Midlands electric utilities were gearing up Monday for a significant ice storm that could cause power outages of up to five days.
Forecasters are predicting several inches of snow in the northern Midlands and a quarter inch or more of ice in the central Midlands beginning today and lasting through Wednesday, along with freezing rain from the Midlands to the coast.
“It’s really the frozen rain and icing that causes us the problem on our (power) lines,” said Keller Kissam, retail operations president for S.C. Electric & Gas.
The Midlands was spared from major power outages during a snowstorm two weeks ago when little ice accumulated. However, this storm is expected to be different. A half-inch of ice can add 250 to 500 pounds of extra weight to a power line, Kissam said. And that can lead to downed lines and major outages.
Kissam on Sunday night called back 140 contract linemen and nearly a dozen tree personnel who were sent last week to the Northeast to assist utilities there with a massive winter storm buffeting that region with heavy snow and ice.
An additional 140 linemen were called in from other areas to help with South Carolina’s impending ice storm. The first wave was expected to begin arriving Monday night from Kentucky. Additional crews were to begin arriving in the Midlands today from Indiana, Ohio and Michigan to help with the storm.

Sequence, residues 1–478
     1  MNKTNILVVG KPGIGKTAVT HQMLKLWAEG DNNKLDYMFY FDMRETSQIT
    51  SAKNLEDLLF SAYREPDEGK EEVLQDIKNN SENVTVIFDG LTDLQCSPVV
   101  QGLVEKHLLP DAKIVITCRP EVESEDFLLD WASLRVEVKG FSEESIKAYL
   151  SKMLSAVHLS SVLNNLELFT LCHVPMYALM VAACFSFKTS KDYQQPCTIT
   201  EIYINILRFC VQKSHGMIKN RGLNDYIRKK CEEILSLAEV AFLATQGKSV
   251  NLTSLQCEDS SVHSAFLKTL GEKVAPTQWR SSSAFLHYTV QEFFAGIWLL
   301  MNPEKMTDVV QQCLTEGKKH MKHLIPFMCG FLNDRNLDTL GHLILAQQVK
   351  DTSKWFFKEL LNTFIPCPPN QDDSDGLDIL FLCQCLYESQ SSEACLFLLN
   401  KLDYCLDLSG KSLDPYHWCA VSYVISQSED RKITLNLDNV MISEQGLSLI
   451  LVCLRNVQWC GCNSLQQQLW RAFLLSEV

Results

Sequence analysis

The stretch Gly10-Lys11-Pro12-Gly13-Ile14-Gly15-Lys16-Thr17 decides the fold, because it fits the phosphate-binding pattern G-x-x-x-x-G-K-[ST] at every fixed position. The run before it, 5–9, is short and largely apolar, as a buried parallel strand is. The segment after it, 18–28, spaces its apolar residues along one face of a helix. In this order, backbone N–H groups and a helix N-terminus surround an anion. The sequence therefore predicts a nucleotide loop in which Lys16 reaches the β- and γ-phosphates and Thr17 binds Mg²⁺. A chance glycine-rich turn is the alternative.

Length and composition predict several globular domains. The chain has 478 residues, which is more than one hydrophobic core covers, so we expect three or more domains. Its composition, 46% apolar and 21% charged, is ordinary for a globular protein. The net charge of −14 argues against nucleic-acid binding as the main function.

SCE&G, which provides electricity to 675,000 customers in the state and natural gas service to another 375,000, said it will be all hands on deck as the storm drops.
In all, more than 1,200 linemen, tree personnel and support staff will help man around-the-clock operations, Kissam said, to help prevent power outages where possible and restore power as quickly as possible.
Residents in the areas projected to be impacted were urged by the power companies to get needed prescriptions filled, and stock up on batteries, candles and bottled water.
Meanwhile, four electric cooperatives that serve 291,000 Midlands residents also were preparing Monday.
“We believe the Midlands may have to deal with the ice,” said Van O’Cain, association spokesman for The Electric Cooperatives of South Carolina. “We hope it’s not a statewide event.”
The four Midland co-ops — Fairfield Electric, Mid-Carolina, Tri-County and Edisto Electric — also have taken an “all hands on deck” approach to the storm, O’Cain said.
If the storm inflicts substantial damage to the cooperatives’ 70,000 miles of power lines, the association said, the cooperatives would call in crews from other states to help with restoration efforts, depending upon how severely their own states may be hit. First though, co-ops in the Upstate and the Lowcountry would be called in to assist with outages in the Midlands, O’Cain said, as damage in their immediate areas permit.
Also, the co-ops and SCE&G urged residents to contact their utility companies ahead of the storm, if possible, in case they see trees or limbs that appear to threaten power lines if they should ice over. If power lines are downed, residents are urged not to go near the lines, but to call their utility.